Monday, April 4, 2022
Seven defining moments in the life of Michael Cross, CFO of Toyota Connected North America


Michael Cross yearbook photo

1. Iowa / Iowa State

We ambushed him. Just a few seconds into our interview, we showed Michael Cross (BBA91) his college yearbook photo. After a few incredulous seconds, an ‘Oh my god, what is that?’, and a ‘Wow,’ Cross laughed and told us his story, starting with his time as an Iowa Hawkeye—something that almost didn’t come to be.

“I’m from Bettendorf and I always liked numbers, so was either going to go to Iowa State for engineering or Iowa for business. I was really into computers and programming in my teens, but at the time computer software engineering wasn’t a clear career path. The general concept of the internet didn’t even exist publicly yet. There was, however, a clear path for finance, so I chose Iowa.”

US map

2. Midwest / West Coast

Cross spent the first nine years of his career in commercial lending banks in Chicago, then quit for the promise of the Silicon Valley.

“By then, the internet was there in full force. I was sitting in Chicago, and it was like 40 below and I thought, ‘What are we doing here?’”

After moving across the country, he went to a career fair at San José State University and chatted up the people at the Hewlett Packard (HP) table. His networking—and banking experience—paid off. He had secured a job in tech finance within 60 days of arriving in California.

Purple squirrel

3. One-trick pony / Purple squirrel

Cross spent eleven years in various roles for HP, stacking his resume with experiences, including remote work before it was a thing—something that helped him get off to a smooth start with Toyota Connected despite a March 2020 start date.

“My dad always used to say, ‘Build your toolbox because they can never take those tools away.’ And it’s true. I have had many forks in my career, but each one brought me more experience and checked more boxes for my current role as CFO. You have to keep looking for how many boxes you can check for the role you want. You may not be a purple squirrel (the perfect applicant), but you want to hit as many requirements as you can. Early in your career you’ll never find a role that will give you every skillset you need, so look for opportunities and raise your hand.”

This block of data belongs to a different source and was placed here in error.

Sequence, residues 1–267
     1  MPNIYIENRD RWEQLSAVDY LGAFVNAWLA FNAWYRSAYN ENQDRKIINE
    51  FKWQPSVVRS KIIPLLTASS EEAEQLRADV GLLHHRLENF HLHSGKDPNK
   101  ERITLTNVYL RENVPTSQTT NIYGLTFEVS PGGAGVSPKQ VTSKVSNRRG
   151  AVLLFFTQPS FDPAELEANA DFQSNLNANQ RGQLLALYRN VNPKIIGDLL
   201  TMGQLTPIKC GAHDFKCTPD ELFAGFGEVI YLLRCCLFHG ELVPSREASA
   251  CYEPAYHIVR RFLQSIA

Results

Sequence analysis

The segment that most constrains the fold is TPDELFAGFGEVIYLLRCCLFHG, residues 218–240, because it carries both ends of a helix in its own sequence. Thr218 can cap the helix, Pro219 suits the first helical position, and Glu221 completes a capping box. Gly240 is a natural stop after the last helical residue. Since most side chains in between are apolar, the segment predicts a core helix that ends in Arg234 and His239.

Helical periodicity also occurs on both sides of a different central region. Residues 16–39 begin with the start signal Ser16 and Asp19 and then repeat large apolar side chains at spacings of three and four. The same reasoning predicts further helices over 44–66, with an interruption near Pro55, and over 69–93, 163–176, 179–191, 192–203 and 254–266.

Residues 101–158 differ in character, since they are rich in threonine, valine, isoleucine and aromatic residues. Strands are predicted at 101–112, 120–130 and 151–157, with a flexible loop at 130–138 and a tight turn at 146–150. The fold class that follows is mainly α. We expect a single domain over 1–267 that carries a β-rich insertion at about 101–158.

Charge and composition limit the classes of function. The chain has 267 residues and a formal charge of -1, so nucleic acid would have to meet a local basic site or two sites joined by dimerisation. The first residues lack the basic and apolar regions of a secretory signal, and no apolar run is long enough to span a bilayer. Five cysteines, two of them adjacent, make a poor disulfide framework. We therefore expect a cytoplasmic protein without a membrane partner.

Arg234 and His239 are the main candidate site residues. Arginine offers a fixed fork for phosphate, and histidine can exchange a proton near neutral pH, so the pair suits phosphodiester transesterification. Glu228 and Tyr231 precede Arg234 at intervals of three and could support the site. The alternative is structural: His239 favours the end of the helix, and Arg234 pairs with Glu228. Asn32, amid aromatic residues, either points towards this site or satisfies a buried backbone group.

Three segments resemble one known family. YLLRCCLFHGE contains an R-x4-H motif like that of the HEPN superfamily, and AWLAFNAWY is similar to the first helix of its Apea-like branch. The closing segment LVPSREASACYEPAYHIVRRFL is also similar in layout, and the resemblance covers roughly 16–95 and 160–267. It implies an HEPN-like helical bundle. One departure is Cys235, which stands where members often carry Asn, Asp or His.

Dollar bill

4. Comfortable / Uncomfortable

After more than a decade at HP, Cross moved on to gain experience in the startup world.

“I wanted to get into more challenging opportunities and be at the center of strategy. I worked for a few startups, moving down in terms of the size of organization. Until you’ve literally tried to raise venture capital and make payroll, you don’t realize how exciting but scary it is. Coming back up the chain, I still apply that type of thought to my role at Toyota Connected. I don’t care how much capital I have access to—every dollar is valuable.”


5. Analog / Digital

“My passion for technology was always there. I started programming on VIC-20 computers with a tape drive, writing basic programs, learning Fortran, all these different old languages that now aren’t even in use.”

His early and sustained interest in technology suits him in his role at Toyota Connected, which operates like a tech startup within Toyota. His work includes anticipating and innovating technology experiences to make people’s lives easier.

The company is primarily made up of software engineers, developers, and designers who are creating technology features like a machine learning-powered virtual assistant and a telematics platform that can automatically connect you to emergency services if in a collision—offering both safety and convenience for new Toyota and Lexus vehicles.

They are basically eradicating things that the next generation will cringe about and ask, ‘Wait, you had to do that manually?’”

speech bubbles

6. Monolingual / Bilingual

One experience that he’s currently drawing from started clear back when that yearbook photo was taken. Cross was a finance major and Asian studies minor and learned Japanese language and culture at Iowa.

In his commercial lending days, one of the banks he worked for was Sakura Bank where he would occasionally surprise some of his Japanese managers by responding to comments made in their open plan office.

His Japanese experience has helped him understand and operate within Toyota, too, even if his Japanese is now rusty. Our interview was sprinkled with Japanese words, which have seamlessly become part of his life. For example, he referred to nemawashi several times. In Japanese it means the process of gaining consensus.

“A lot of what I do is to help drive consensus in Japan so that when we get to the board meetings, it’s basically just a hanko (stamp of approval) process. Japan has a very different way of doing things. Americans, we have the mindset of ‘ready, shoot, aim,’ but in Japan it’s ‘ready, aim, aim, aim, aim…’”


7. Status Quo / Radical Innovation

Kaikaku, or radical innovation/change, is one of the core values of Toyota Connected. With this aggressive company ethos in mind, Cross’s team is ushering Toyota into the future.

“Mobility is the focus, long term,” Cross said. “My kids’ generation, for example, are more interested in tech features than chrome, leather, and horsepower. They may even not want to buy a car. They might want fractional ownership, a subscription, or shared autonomous cars. The model is going to change—the whole concept of mobility. We’re constantly thinking far into the future. There are so many opportunities that are coming.”


This article originally appeared in the 2022 issue of Exchange magazine.